Miller said the survey showed lubricant and chemical packagers somewhat more likely than other industries to employ quality systems.

The lubes and chemicals industry is a little less confident in the state of the industry than are packagers in other industries, Miller said. This is probably due to the perceptions of their suppliers, a community that is heavily into ISO, audits and other tools designed to create hard data from which to develop opinions about how a company is performing.

But if the lubricants and chemicals segment is a little worried, I dont see that as a negative thing. I kind of wonder if the companies that are more comfortable may be flying their kite in the face of the wind.


Miller said he suspects that most packagers have not adopted quality systems because theyve survived just fine without them. But he added that he sees a number of potential threats that could strike and leave companies regretting that they did not shape up sooner. His list includes rapidly rising costs for liability insurance, needs for increased security measures, expenses of exporting and the possibility of new, progressive competition muscling into the market.

If they dont adopt a structured quality management process, the industry is at risk, Miller said. And that risk is somewhat analogous to what happened to the [U.S.] auto industry in the 60s and 70s, when the Japanese came in and ate their lunch.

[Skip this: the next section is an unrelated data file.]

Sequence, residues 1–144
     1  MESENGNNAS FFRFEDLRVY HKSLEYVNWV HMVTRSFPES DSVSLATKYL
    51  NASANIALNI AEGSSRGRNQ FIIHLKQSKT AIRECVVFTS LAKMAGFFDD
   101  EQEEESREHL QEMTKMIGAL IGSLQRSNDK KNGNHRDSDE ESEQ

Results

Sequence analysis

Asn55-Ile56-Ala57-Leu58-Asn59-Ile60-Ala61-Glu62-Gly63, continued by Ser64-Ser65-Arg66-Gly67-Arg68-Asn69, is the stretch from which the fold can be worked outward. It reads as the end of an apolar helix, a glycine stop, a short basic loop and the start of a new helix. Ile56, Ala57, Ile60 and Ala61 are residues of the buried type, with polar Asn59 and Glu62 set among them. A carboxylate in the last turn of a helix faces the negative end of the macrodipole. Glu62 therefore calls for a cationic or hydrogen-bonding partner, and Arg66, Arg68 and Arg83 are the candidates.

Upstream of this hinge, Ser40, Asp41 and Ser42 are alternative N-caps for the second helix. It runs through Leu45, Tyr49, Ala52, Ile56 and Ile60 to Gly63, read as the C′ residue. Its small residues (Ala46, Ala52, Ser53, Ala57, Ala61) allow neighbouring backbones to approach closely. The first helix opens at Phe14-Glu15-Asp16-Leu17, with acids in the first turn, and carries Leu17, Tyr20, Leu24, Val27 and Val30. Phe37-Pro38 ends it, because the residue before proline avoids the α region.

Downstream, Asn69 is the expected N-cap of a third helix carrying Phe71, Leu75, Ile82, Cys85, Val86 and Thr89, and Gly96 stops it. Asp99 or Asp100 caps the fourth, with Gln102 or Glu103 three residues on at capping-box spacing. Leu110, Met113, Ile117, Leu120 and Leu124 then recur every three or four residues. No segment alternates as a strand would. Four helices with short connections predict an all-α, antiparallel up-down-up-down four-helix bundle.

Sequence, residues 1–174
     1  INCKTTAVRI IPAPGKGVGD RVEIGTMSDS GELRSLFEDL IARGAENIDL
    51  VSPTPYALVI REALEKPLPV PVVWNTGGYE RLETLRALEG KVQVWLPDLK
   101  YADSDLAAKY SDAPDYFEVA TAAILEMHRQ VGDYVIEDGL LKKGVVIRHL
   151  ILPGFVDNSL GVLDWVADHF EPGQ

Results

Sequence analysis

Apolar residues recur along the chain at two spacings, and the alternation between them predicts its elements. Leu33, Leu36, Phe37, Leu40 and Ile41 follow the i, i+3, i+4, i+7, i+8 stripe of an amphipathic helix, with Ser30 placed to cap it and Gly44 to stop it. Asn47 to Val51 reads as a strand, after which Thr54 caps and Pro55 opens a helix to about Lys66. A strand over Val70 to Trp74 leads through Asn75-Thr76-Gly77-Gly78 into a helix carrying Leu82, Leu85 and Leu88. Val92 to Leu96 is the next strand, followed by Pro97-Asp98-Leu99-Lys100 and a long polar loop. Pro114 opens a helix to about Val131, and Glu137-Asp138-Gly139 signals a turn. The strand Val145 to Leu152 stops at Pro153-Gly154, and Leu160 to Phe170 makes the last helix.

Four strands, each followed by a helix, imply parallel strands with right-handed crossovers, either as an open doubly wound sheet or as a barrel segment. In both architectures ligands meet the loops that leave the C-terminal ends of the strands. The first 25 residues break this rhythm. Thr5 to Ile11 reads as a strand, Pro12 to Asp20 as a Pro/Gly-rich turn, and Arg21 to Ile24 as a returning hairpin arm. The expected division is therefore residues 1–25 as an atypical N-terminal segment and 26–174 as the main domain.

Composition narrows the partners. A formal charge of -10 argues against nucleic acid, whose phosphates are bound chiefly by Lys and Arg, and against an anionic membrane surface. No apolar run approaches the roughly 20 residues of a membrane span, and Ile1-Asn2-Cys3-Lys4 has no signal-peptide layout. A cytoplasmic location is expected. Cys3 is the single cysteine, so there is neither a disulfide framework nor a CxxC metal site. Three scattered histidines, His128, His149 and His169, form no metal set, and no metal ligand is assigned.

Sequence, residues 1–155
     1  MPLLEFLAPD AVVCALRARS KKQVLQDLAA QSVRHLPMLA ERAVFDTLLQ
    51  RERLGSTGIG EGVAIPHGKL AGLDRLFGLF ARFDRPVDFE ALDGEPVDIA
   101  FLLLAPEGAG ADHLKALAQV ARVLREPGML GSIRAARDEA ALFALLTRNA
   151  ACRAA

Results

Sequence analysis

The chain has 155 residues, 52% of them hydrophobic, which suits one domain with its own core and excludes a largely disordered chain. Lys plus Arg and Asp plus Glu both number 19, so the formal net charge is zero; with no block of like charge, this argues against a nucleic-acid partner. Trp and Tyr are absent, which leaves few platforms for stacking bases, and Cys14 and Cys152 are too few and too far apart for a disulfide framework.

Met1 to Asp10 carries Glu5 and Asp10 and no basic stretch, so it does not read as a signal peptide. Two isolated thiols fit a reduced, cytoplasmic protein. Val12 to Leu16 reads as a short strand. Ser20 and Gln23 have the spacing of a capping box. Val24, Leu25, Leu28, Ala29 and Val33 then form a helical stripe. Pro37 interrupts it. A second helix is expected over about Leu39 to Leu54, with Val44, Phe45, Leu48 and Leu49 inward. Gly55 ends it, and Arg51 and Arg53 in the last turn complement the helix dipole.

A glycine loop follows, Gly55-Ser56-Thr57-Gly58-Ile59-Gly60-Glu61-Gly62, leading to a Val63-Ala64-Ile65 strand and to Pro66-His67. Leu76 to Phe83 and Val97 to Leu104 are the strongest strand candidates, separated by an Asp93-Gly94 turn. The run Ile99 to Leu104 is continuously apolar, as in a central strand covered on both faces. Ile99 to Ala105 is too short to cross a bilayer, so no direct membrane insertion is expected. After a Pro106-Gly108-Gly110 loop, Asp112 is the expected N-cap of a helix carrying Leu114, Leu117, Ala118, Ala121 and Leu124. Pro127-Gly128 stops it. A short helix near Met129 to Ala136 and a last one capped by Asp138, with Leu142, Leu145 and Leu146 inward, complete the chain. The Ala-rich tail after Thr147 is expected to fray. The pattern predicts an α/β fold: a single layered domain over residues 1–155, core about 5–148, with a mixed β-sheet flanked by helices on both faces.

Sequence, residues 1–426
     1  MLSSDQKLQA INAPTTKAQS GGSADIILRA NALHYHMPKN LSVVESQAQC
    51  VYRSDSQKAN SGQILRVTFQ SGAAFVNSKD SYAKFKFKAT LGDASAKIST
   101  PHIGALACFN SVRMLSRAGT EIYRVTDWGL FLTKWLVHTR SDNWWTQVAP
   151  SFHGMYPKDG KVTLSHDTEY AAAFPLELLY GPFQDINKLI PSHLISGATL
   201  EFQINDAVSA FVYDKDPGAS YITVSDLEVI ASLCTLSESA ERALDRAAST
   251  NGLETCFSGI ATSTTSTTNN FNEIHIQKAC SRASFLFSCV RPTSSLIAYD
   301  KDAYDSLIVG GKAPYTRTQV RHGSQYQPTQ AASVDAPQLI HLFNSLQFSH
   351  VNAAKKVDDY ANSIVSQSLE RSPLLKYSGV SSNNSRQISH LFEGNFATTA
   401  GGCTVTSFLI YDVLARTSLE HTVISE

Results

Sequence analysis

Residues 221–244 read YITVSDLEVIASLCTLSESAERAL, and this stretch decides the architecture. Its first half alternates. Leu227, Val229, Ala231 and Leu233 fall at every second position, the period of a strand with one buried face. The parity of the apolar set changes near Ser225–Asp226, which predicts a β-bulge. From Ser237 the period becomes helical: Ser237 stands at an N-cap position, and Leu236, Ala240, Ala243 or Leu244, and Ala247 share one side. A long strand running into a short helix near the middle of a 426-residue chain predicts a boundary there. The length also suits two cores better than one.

Of course, it is in Millers interest to convince packagers to adopt quality systems; his company offers consulting services to help them do so. But the concept has pluses and minuses for companies to evaluate, according to an official at one packager and marketer of lubricants and chemicals. Amalie Oil Co., of Tampa, Fla., blowmolds bottles for its own products and for those that it packages on behalf of other companies. Senior Vice President for Sales and Marketing Dennis J. Madden said the company has not adopted international quality standards, but has developed internal procedures to check the quality of bottles.

We have our own quality control people who check weight, neck finish, cap finish – things like that, Madden said. But if youre talking about industry-wide standards, my goodness, youd have to get an awful lot of people reading from the same hymnal to make that work.

Also, because the type of packages you use affects the type of equipment you use – both for filling and for making the containers – and because the equipment is expensive, I think this industry tends to be conservative about making changes.

Some changes are being forced on the industry anyway. As Freedonia notes, packagers are coping now with increasing numbers of labeling regulations in many parts of the world, as well as with shippers need to track products. It says labeling and coding machines will be the fastest-growing segment of the equipment sales over the next four years.

Currently, Freedonia added, the U.S. is the largest producer of packaging machinery, with 2003 shipments worth $4.9 billion. Next-largest is Japan, with $4.1 billion in shipments in 2003. Other leading producers include Germany, Italy and China, all with annual shipments in excess of $1 billion. Germany, Italy, Sweden and Japan, in that order, are the largest net exporters of packaging equipment.